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## Rheem furnace specs

Copying from the specification sheet (.pdf) for Rheem furnace RGFD-07EMCK as follows:

Input-Max BTUh 75,000
Heating Capacity Max 72,000
Input-Minimum 30,000
Heating Capacity Min 28,200
AFUE 92.8%

I was under the impression that:

Heat input X AFUE = Heating Capacity

If this is true, then there are discrepancies in the document:
75,000 X .928 = 69,600, and
30,000 X .928 = 27,840.
Also, there are discrepancies listed in other sizes.

If I am mistaken, please explain how the capacities are calculated.

Thanks.

AM

2. I don't have an exact answer but since no one else is chiming in here's my opinion.

Every time I question manufacturers on these kind of things/or read on the rules it seems to be a statistic's thingy that the Federal Registry (laws) control. AFUE is a cycling on/off equation that accounts for flue losses while the unit is off and jacket losses where heat escapes while the unit is idle and equations that are derived from the unit turning on and off. The actual running efficiency is different, probably higher. Then a certain number of units have to be tested that each have a different efficiency level when cycling and when running steady. Then you have to statistically average those #'s to say that 90% of the time the unit will be this efficient and deliver this many BTU's.
If you ask your question with the assuption that they don't know what's up you may be supprised at all the guidlines that are in play here and how often they change.

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I don't think I want my Manual J cut so close that this matters anyway.

Frank

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Thanks for the response--makes sense.

Originally Posted by htrguy
I don't have an exact answer but since no one else is chiming in here's my opinion.

Every time I question manufacturers on these kind of things/or read on the rules it seems to be a statistic's thingy that the Federal Registry (laws) control. AFUE is a cycling on/off equation that accounts for flue losses while the unit is off and jacket losses where heat escapes while the unit is idle and equations that are derived from the unit turning on and off. The actual running efficiency is different, probably higher. Then a certain number of units have to be tested that each have a different efficiency level when cycling and when running steady. Then you have to statistically average those #'s to say that 90% of the time the unit will be this efficient and deliver this many BTU's.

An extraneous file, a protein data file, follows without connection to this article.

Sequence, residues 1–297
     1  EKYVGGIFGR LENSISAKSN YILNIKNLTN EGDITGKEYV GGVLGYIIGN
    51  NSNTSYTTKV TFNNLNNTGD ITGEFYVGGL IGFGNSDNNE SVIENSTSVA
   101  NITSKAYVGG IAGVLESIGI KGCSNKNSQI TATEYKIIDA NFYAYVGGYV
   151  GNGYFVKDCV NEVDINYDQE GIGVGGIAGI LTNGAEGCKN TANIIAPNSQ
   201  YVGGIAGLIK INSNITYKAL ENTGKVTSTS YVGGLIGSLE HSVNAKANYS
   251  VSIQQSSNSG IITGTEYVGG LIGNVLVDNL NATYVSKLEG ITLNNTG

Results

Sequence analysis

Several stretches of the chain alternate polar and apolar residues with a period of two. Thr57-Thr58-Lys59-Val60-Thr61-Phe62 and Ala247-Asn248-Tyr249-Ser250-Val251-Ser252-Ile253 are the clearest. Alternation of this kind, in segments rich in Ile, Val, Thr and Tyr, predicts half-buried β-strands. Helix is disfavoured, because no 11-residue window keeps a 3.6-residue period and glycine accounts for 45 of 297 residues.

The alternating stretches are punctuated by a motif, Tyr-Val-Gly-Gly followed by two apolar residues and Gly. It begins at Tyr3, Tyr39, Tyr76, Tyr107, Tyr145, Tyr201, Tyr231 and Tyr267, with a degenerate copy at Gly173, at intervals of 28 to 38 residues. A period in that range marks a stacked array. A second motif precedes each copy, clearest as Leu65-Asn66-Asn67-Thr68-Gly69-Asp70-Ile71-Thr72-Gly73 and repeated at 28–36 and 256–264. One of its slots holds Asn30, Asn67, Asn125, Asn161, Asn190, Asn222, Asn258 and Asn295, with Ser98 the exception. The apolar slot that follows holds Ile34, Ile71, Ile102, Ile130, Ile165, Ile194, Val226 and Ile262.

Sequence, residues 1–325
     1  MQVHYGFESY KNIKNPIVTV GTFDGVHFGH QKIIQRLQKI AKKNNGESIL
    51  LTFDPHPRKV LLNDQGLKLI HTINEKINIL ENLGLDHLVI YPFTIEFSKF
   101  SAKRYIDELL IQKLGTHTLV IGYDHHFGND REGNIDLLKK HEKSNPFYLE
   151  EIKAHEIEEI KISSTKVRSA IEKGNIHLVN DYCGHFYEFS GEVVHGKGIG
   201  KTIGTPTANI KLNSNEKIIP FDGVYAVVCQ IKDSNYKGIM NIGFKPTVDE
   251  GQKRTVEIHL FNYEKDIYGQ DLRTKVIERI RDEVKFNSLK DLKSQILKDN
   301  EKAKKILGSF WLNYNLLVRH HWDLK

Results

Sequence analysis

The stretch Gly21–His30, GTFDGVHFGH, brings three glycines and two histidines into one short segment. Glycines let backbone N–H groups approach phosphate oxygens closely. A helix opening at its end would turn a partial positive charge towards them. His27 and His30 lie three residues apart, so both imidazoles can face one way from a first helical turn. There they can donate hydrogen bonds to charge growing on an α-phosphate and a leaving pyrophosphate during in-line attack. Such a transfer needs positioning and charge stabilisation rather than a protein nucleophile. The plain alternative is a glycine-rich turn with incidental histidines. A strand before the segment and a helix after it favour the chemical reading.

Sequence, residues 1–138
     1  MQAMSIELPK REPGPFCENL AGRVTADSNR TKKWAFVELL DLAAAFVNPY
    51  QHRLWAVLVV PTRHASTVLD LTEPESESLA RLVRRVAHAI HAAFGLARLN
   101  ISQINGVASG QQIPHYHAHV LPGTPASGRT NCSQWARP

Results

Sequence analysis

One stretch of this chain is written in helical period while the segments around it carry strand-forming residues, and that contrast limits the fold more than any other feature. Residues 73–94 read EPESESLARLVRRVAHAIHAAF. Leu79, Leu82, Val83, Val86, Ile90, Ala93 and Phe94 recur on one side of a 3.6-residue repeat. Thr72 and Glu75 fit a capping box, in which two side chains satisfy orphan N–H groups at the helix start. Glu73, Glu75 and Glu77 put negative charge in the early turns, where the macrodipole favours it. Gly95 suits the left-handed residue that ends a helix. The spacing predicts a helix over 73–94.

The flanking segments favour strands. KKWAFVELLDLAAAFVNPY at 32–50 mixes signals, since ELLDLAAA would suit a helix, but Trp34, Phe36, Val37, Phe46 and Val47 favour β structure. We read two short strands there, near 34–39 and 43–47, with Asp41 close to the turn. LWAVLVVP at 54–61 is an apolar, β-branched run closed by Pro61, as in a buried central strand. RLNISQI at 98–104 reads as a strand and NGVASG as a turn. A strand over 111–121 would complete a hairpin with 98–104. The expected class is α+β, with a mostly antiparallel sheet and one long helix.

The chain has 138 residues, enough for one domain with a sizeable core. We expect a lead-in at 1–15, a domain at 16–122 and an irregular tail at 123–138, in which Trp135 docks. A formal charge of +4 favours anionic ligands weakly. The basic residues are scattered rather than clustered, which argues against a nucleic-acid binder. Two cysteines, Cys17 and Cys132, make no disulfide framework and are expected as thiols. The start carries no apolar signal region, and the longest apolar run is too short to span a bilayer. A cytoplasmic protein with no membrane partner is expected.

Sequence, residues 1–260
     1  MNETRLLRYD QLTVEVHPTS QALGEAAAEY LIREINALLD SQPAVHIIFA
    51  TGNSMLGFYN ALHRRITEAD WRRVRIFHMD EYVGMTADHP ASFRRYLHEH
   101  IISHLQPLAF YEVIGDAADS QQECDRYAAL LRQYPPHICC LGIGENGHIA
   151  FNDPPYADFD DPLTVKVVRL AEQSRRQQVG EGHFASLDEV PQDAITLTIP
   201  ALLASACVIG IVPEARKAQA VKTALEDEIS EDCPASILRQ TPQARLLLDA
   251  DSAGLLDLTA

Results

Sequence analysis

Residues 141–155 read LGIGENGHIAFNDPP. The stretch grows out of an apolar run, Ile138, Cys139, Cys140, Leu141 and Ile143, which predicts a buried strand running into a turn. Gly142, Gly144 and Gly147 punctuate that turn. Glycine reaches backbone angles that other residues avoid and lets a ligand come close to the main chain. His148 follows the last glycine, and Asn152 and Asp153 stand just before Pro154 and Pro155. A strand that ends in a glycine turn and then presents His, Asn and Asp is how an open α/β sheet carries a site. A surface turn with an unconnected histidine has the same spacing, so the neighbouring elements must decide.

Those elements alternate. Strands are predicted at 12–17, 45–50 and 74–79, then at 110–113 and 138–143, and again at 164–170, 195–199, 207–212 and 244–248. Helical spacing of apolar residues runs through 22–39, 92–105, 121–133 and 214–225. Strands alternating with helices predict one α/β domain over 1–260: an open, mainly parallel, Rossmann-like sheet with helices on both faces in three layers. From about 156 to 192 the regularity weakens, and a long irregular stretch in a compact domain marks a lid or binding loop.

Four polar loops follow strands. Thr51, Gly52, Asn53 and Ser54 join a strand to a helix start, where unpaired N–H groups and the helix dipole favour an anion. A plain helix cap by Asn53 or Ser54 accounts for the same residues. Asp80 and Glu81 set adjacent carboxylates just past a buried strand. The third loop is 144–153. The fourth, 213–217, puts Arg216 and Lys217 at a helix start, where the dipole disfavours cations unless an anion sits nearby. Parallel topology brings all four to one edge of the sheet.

If you ask your question with the assuption that they don't know what's up you may be supprised at all the guidlines that are in play here and how often they change.

Actually, looking over the entire Rheem furnace line, there are many 'mistakes'.

AM

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Originally Posted by frankt
I don't think I want my Manual J cut so close that this matters anyway.

Frank
Good point, it's not a question so much of cutting it close, but rather to find a unit which will provide what I consider to be a reasonable safety factor over OD design temp.

Most manufacturers specs that I've seen are either too low (output) or a bit high (this is what they sell), and since none to date was willing to do a manual j, they couldn't back up their recommendation. Had to do my own HVAC-calc.

Besides, I like the Mod concept. Rep coming today to take measurements (Rheem dealer).

AM

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